The Evening Times from Sayre, Pennsylvania on January 21, 1936 · Page 6
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The Evening Times from Sayre, Pennsylvania · Page 6

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Sayre, Pennsylvania
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Tuesday, January 21, 1936
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Page 6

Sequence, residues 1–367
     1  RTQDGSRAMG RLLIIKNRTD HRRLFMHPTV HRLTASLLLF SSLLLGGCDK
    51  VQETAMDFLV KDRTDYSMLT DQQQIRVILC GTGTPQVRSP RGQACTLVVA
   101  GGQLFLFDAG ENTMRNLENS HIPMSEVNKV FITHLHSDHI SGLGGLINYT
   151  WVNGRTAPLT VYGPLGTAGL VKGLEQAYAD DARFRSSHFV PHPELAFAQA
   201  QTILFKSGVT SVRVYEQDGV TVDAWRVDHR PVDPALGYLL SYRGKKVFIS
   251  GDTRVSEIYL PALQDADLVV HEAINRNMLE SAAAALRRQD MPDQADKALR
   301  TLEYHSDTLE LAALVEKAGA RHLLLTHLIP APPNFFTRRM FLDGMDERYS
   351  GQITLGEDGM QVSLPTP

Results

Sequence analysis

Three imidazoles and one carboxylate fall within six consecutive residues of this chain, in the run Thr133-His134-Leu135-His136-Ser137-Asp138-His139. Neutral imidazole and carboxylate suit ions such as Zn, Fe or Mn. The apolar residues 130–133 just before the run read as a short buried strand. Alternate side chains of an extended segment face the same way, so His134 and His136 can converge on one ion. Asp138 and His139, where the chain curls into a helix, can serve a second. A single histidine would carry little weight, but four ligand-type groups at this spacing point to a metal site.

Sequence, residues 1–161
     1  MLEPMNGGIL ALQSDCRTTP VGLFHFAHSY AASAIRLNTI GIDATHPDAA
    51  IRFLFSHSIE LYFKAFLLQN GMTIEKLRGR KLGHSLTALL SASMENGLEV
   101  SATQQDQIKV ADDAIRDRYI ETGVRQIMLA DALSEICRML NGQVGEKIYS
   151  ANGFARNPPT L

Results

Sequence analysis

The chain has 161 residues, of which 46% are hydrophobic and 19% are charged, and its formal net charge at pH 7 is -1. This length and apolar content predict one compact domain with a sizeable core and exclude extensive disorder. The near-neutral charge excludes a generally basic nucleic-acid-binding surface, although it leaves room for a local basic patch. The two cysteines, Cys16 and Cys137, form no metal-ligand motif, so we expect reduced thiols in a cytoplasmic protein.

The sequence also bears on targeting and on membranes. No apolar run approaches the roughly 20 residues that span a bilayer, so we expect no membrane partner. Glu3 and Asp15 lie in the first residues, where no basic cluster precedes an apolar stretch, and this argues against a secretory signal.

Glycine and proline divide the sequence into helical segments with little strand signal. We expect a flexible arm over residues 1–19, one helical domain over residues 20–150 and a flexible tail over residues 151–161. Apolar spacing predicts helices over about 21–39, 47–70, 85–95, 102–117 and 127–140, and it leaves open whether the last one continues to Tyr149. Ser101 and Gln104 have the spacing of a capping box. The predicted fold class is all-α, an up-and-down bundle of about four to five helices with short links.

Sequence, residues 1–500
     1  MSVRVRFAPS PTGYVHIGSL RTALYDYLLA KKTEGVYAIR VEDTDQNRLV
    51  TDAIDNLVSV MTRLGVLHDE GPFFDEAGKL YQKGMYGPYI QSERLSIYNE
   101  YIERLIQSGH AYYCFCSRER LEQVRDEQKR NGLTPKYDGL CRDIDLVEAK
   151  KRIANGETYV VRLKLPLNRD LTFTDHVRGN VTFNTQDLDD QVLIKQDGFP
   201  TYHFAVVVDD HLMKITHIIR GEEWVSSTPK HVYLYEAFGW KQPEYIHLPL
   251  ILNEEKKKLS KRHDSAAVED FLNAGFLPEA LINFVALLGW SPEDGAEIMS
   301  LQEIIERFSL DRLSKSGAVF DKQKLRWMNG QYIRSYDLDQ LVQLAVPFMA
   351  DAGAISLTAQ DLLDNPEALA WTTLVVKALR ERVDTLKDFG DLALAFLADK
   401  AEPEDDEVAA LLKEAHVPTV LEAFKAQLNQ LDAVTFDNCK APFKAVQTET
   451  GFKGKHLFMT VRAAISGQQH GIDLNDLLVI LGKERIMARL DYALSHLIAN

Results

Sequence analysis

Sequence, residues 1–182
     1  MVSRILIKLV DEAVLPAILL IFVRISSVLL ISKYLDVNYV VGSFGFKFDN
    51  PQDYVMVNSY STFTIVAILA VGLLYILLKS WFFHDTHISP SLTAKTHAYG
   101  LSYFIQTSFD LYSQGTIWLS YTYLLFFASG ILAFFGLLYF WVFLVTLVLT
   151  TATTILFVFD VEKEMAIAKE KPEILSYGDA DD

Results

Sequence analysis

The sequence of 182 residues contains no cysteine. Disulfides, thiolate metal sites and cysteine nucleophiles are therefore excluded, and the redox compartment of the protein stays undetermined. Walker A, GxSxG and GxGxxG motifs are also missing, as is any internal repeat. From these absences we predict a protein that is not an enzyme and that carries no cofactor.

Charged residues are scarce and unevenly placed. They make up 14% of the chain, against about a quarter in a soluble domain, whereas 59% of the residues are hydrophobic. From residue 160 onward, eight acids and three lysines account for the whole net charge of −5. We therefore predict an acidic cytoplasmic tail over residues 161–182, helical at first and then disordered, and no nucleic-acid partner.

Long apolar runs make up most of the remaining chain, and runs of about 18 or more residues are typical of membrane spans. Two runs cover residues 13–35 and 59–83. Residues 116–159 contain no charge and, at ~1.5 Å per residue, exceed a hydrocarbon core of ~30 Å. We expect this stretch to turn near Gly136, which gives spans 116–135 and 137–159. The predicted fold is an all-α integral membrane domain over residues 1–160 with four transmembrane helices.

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PAGE SIX THE EVENING TIMES, SAYRE, PA., TUESDAY, JANUARY 21; 1936 Troopers To "Clean Out" Waverly Punch Boards And Gambling Machines H WILL PLAY IT WAVERLY, Jan. 21 Vfjsox Merchants will play the Waverly Merchants basketball team at the South Waverly Community hall this evening. The locals were scheduled to meet the Canton Semi-Pros but the Cantonians were unable to make the trip so cancelled the engagement. Wysox is expected to provide snappy competition for the Waverly lads. The visitors are undefeated leaders of the Towanda Community league. KNAPP TO GIVE TALK AT SESSION LIONS WAVERLY, Jan. 21 Work New York State is doing in cancer control at the State Hospital In Buf-fato will be described by Edwin Ktiapp at a meeting of the Lions club this evening. Mr. Knapp recently was a pa-tier at the hospital for treatment of what is believed to have been a bone tumor. He is deputy district governor for this zone of Lions International. IRISH LEADERS EXPRESS GRIEF IN JOINT MESSAGE (Continued from Page 1) was one of the outstanding features of his reign." "As far as Ireland is concerned," he continued, "we know that an earnest desire for peace and harmony prompted his actions and his personal influence was exercised to secure accomodation in the difficult years through which we have passed." All Irish newspapers commented editorially that the monarch was a great king and wise ruler. King George's place In Irish hearts was established in 1921, when he initiated the negotiations which brought a truce in civil war and led to the treaty of 1922. D-A-N-C-E Thursday eve. Jan. 23 THETGA'SHALL MCHOLS, -V Y. Gent 40c Ladies 35c CONANT A KNAPP Income Tax Specialists Waverly, X. Y. H. K. Conant T. P. Knapp Phone 1.14 Phone 197 HILL'S Cafe, Waverly CHOWMEIN CHOP St'EV, SPAGHETTI STEAKS, CHOPS, SEA FOODS PHONE WAVERLY 865 Harding's Taxi Service Anywhere at Anytime 544 Clark St. Waverly COLE'S RED & WHITE STORES SAYRE and WAVERLY MERGHM IS Finest Tub 2 LBS. BUTTER 69c BACON SQUARES 27c 5 Lb. Bags Fancy No, 1 ONIONS 21c 2 Lbtf. Fresh Ground HAMBURG 29c Fancy Sunkist ORANGES doz. 21c Waverly Man Claims Ownership of Marble Machines Seized by Sergeant Murphy and Trooper Waterman; Endicott Troopers Will Act in Waverly If Necessary; Owego Operators Scared by Arrests WAVERLY, Jan. 21 All forms of gambling devices are to be 'cleaned out" in Waverly, Trooper Fred L. Waterman of the Endicott State Police substation told the Evening Times today. This Includes all forms of slot or marble games which pay off. in money, and punch boards, Trooper Waterman said. Sergeant Joseph A. Murphy and Trooper Waterman started a drive on gambling in Tioga county Saturday and in two raids made two arrests and seized two marble ma chines of the pay-off type. Each ma chine was so adjusted that if a marble is dropped into a certain hole it paid off in nickels. Asked about working in the vil lage of Waverly Trooper Water man replied that "Sergeant says if they don't get rid of them up there we are going to." In Owego, he said, there were many forms of gambling devices before two arrests were made Saturday night but not a one can be found today as the arrests prompted operators to retire the devices from service. Arthur Barton of Barton's Inn at Crediford Says P.T.A.Can Help Children Learn Supply of Books, Pictures and Pets at Home Will Instill in Youngsters a Desire to Learn, Parents Told SOUTH WAVERLY, Jan. 21 Problems of teachers and how parents can help create in children a desire to learn were discussed by Supervising Principal Eugene E. Crediford of the Athens igh school at a meeting of the P. T. A. last night. The first problem of the teacher, Mr. Crediford said, is to know the natural learning ability of the child when he first enters- school. On this knowledge is based the success of the child in learning to read. Boy and girls have more to learn than facts from hooks, he asserted, adding that the biggest step, in a youth's education is a development on the part of the pupil to know. The teacher is a guide, willing to help the child in that desire. The aim of present day education is to deal with each individual child as a unit. Background and environment are important factors' in education, Mr. Crediford told the parents. By providing Interesting books and pictures parents can help develop a desire to read and learn. Each child should have some kind of pet to care for. Comparisons of present and old time methods of education were made by the speaker. A literature display on "The Tale of Two Cities," prepared- by Donald Reynolds' class was viewed by the association and Ralph Sutherland directed high, school girls in singing P. T. A. songs. Leon Sinsa-baugh, baritone, and Howard Lincoln, trombone player, gave solos and a group of ninth grade girls under the direction of James Al-tieri gave a demonstration of table etiquette. The following committee was appointed to arrange a play Feb. 17 and 18: James Altieri, chairman; Edwin Sickler, Anthony Kowaleski, Ralph Sutherland, Leon Hawthorne, Harry Weaver, Arthur Gay, Mrs. Walter Partridge, Miss Marie Barry, Mrs. Marie Druckemiller, Mrs. Charles Stevens, Miss Margaret Connolly and Mrs. Harold Thurston. Mrs. Leon Haw thorne, chairman: I Vs. Muriel Rider, Mrs. Sheridau Fravel and Mrs. Leon Lincoln were named a committee to arrange a Founders' Day program for next month and Mrs. Arthur Gay, chairman, and Mrs. Harry Weaver were appointed a committee to make arrangements for meetings and a dinner of the Bradford County Principals' club and the P. T. A. March 16. Waverly Personals Mrs. William Rockwell is ill at her home on Moore street with tonsilitis. Mrs. Theodore Burroughs of 427 Broad street underwent a major ! operation at the Tioga County Gen-leral hospital Monday. Smithboro and Sam Cavatalo of Devil's Elbow were the pair arrested. When Barton was arraigned before Justice of the Peace Willard J. Kishpaugh of the town of Tioga yesterday he pleaded not guilty and trial was set for Jan. 28. Cavataio is scheduled to be tried in the same court Wednesday. Both an free. At the Barton arraignment a man giving the name of Robert Pass-more of Waverly appeared and said he owned the two machines confiscated by the trooper! The officer said that no charges were made against Passmore and will not- be until the two other cases are cleaned up. , Trooper Waterman told The Evening Times that marble machines where the only prizes are added games free and their object Is amusement, only, will not be both- ered in the drive against gambling ; devices The campaign by f.ergeant Murphy and Trooper Waterman is expected to halt the use of punch boards in the village of Waverly. Several local merchants have been using punch boards on their candy and tobacco counters dor months. S WAVERLY, Jan. 21 Most roads in the town of Barton are expected to be open by tonight. Town of Barton equipment has been at work night and day since Sunday. Leslie B. Williams reported at noon that R. D. route two in the town of Barton is open and route one is being plowed. Earl J. Tubbs, town superintendent of highways, expects to work two plows anl two crews of men until all roads are opened. " Oliver DeCatur, Waverl village street superintendent has had about 20 men and eight truck t at work putting streets in usable condition. The business section work has been completed and somo of the side streets are finished. Main routes throughout the state are open,-according to Sta 3 Police t letype messages received here today by Corporal O. 3. Brown. Temperatures throughout New York were low last night. WILLIAM E. TEW WAVERLY, Jan. 21 Funeral of William E. Tew, 76, will be held at the home at 313 Chemung street at 2:30 o'clock Thursday afternoon with Rev. Thomas Tighe of the First Presbyterian church officiating. Burial will be in Glenwood cemetery. Mr. Tew was a, lifelong resident of Waverly. He was in the insurance business for 30 years, part of the time in the firm of Tew & Finch and part of that time in the company of Tew & Tilton. The latter concern was dissolved in 1910. He was a member of the Presbyterian church and Waverly lodge, 407, F. & A. M. Survivors are: his widow; a son. Edwin C. Tew of Paterson, N. J.'; a daughter, Mrs. Oscar H. Snyder, Orlando, Fla.; and two nephews, Charles King of Ithaca and Bert King of Euffalo. Dora thinks "Red Sails in the Sunset" makes a nice companion number for "White Sales in August." ELLA CINDERS 1 ROAD SpIJS0wlIM MY Just have to ( wants a word with -X STEPMOTHER. SHE'LL J COME OUT (M V YOOl J TEAR. MB LIMB .SECTIONS T FOKA LIMB ; rWEVE NO PLACE sv V-7CWS. 1 .F OUTLINES IT J.F.F. Supper Meeting Speaker Says Proof of Special Christmas Star Is Found in 1935; Members Present Skits WAVERLY, Jan. 21 An outline of the civilization of man and various stages in the development of his environment, body and knowledge was give by Dr. Harry S. Fish at a supper meeting of the J.F.F. club at the First Presbyterian church social hall Monday evening. The speaker said that the functions of the appendix, tonsil and gall bladder have or are dissap-pearing and then said, "I don't know what the life of ' a surgeon will be 5,000 years from now with the gall bladder, appendix and tonsils gone." Discussing glaciers which scientists gay once covered this section, Dr. Fish said that Spanish 1 Hill was formed by a mass of ice 200 feet high. The "kettle holes" on West Lockhart street in Sayre, the Sayre athletic field and Packer pond are "kettle holes" formed by the glaciers. At one time all rivers flowed north and the St. Lawrence river emptied into the Mississippi but the glaciers formed dams which resulted in the Finger Lakes of New York State. Following the glacier period only two living things were left in America, the Sequoia trees of California and a man like the Neanderthal man who lived many generations and contributed to the civilization of man the discovery of fire. Later there 'was the Cro-Magnon man who learned to count to 10. Real civilization, Dr. Fish asserted, arrived with the advent of Christ. Mohammed, born after Christ was the first home town booster. He appointed himself priest and prophet of his home town god Allah and made people from all over the world want to come and see the black stone some time before they died. The stone is believed to be the same on which Abraham was going to sacrifice his son Isaac. Two great progresses in civilization were described as the discovery of seed and Gutenberg's invention of the printing press with movable type. Building of the giant telescope with the 200-inch mirror cast several months ago at Corning will add to man's knowledge, he said. The 1935 discovery of a brilliant star which exploded adds proof to the contention that the Wrise Men saw a special star at the time of Christ's birth, the speaker said. President Walter Sidey, Mrs. Thomas Tighe, Mrs. John C. Rhodes, Mrs. C. B. Tobey and Mrs. Wallace S. Young won first prize In a contest in which groups, arranged according to the months of birthdays, used newspapers to make costumes for skits. They depicted 'The Spirit of '76." Mr. Sidey named committees for the next meeting as follows: supper, .Mrs. Donald VanAtta, Mrs. Edwin Knapp; and entertainment, Mrs. Carl A. Coots, Mrs. Lawrence Jayne and Siade Palmer. PIC. ASSOCIATION TO WAVERLY, Jan. 21 District Deputy President Mrs. Nellie Hox-ie of Smithboro and past district deputies will be guests of honor at a luncheon meeting of the Past Noble Grands association of Tioga district one at the home of Mrs. Harvey Tracy Wednesday noon. Following the luncheon there will be a business session and a short entertainment. DOES BLADDER WEAKNESS WAKE VOU IPI Mak this 25c test. Remove the cause. Use buchu leaves, juiper oil. etc., to flush out excess acids and impurities which cause irritation that results in restless nights, burning, scanty flow, frequent desire, oi backache. Ask for little green tablets called Bukets, the bladder !ax. They work on the bladder similar to castor oil on the bowels. In four days if not pleased any drup-Bift will refund your 2oc. H. M. Reynolds, Druggist. ADV. MIS HISTORY CLUB MEET LUNCHEON Bear, Two Cubs Found in County Game Protector Baker Finds Plenty of Game; 'Possum In- creasinz Kanicuy: ueer uo Tiitl. nimiirt Klsmchard cays WAVERLY, Jan. 21 Tioga county has an abundance of wild game ranging in size from squirrels to bear and deer, according to Delos Baker of Owego, state game protector for Tioga county. Bear are the latest of game to be found in the county, Mr. Baker told the Evening Times today. A brown bear and two, cubs have been located on the Foster Wood farm on the Briggs Hollow road about a mile from the village of Nichols, Mr. Baker Friday went to the place the animals were reported and found their tracks throughout the woods in the vicinity and expessed the belief they are staying in a cave. They probably migrated from across the nearby Pennsylvania state line, he said. Opossum is another variety of animal which recently has invad- ed the county. Their numbers have been increasing since they were first seen about a year ago until "the woods are full of them," the game protector said. Several residents of the county have captured them alive and between 40 and 50 are reported to have been caught in traps. At least two have been captured in Waverly. Rabbits Plentiful The gray squirrel migration of last fall which crossed the south ea-st corner of the county apparently made little difference on the number of squirrels, Mr. Baker said. Rabbits, however, are plentiful but in the neighboring county of Tompkins where the use of ferrets is permitted, there are practically none. Sportsmen from Tompkins county have told the Tioga county protector that the use N r il r "tie wan 0f.sn of J MEASURING SPOONS GET YOUR SET AT THE CS-100 RUMFORD THE PERF of ferrets has helped in tha tliml- nation of rabbits. Pheasant and other birds have not suffered from lack of food yet Jthis winter as there have not been enough snow storms to cover their supplies. Deer, now getting quite plentiful In Tioga county, are not doing much damage, Mr. Baker said. Although there re a lot of them few farmers have complained of crop loss. During the past few weeks a total of 16 have been killed, 14 by automobiles, one illegally shot and another kiled by dogs which chased it until it was trapped in a creek fence near Newark Valley. Wheat Not Damaged Herds of deer have been located In the vicinities of Tioga Center, Candor, Halsey Valley, Gaskill Corners state reforestation project and in the town of Barton. Mr. Baker said there is a large herd back of the Victor Kinney place at Barton. Commenting on reports of crops damaged by deer, A. R. Blanchard of Owego, county Farm Bureau manager, told The Evening Times that it has not become serious enough so that farmers would consider an open season. One farmer recently reported that his crop of winter wheat is being eaten. Mr. Blanchard stated, however, that unless it was cropped too short it would not bie damaged but in the spring would grow back. He doubts if there is enough winter wheat on hill lands where the deer are found to provide much trouble and added that the small amount of this grain raised in Tioga county is practically all raised on valley farms where population is thick and deer are few. Some buckwheat is damaged occasionally but farmers apparently still would turn down cold, as they did about a year ago, any proposals that there be an open season. j w uuu ALL PHOSPHATE ECT TWO - TOUR. HONOR., I REPRESENT THE PRISONERS IM TANK NUMBER. THRJEE . WE'VE MADE COMPLAINTS ABOUT A named Mrs. Cinders it didn't do amy V named mrs. Cinders -but J I antidote! y IT DIDN'T DO AMY GOOD H CONTROL OF UTILITY OFFERED TO VILLAGE OWEGO, Jan. 21 Controlling interest of 573 shares of stock or 55 per cent of the total Owego Water Works stock was offered to the village board at a meeting last night by six local citizen who have been purchasing the stock for several months In preparation to offering it to the village. The price set was $12,000 plus interest on the price paid for it from Nov. 9, 1935. The offer is good until Dec. 31, 1936. State law provides that a municipality must own all or no stock In a public utility corporation. AMRHEIM WINNER WAVERLY, Jan. 21 Ronald E. Amrheim of Binghamton, son of Mrs. Jessie Amrheim Munn of Broad street, recently won a sales contest conducted by a mechanical refrigerator company. He was given a free trip to Detroit, Mich., where 20,000 salesmen and dealers were guests at a banquet. C. W. CANOLL & SON BROAD STREET WAVERLY, N. Y. O Prepare now for event buy a large can Baking Powder so you'll be have success with the new and interesting recipes which are to be demonstrated by MRS. NANCY ROWE Save the card from the large Romford can it's good for a set of measuring spoons at the Cooking School. Rumford, the pure afl-phosphate Baking Powder, always acts twice raising batter or dough two-thirds in the mixing, the final one-third in the oven the perfect leavening proportion of two-to-one which assures baking success. And because of its valuable mineral content, Rumford adds real dietary value to all your baking. BE READY. . . Buy Your Can of Rumford Today AEID6 Powder TO - ONE LEAVENER By Bill Counselman and Charlie Plumb So WE PASSED THE HAT AND ' COLLECTED ENOUGH DOU6H TO PAY HER-. FINE SHE'S ONE POISON THAT HASN'T rT am r DAME - - but good LOCAL DELEGATES V TO OF U. 8JEIE(1A WAVERLY, Jan. 21 Betowskl-VanDeMark American Legion post and auxiliary will send delegations to Elmira Feb. 2 to attend a banquet in honor of Ray D. Murphy, national American Legion com-'' mander. New York State Department Commander Edward Schiberling and Mrs. Doris Corwith, depart ment auxiliary, also will attend the banquet. Waverly members of the Legion or Its auxiliary who wish to attend should make reservations at once with Commander Howard De- Witt or Adjutant R, Everett Moses. Things move so rapidly in our time that we have just seen an al lusion to the Socialist "Old Guard." CVT 0 4 ft this great of Rumford all ready to 1 LEADER W x mm mm t m m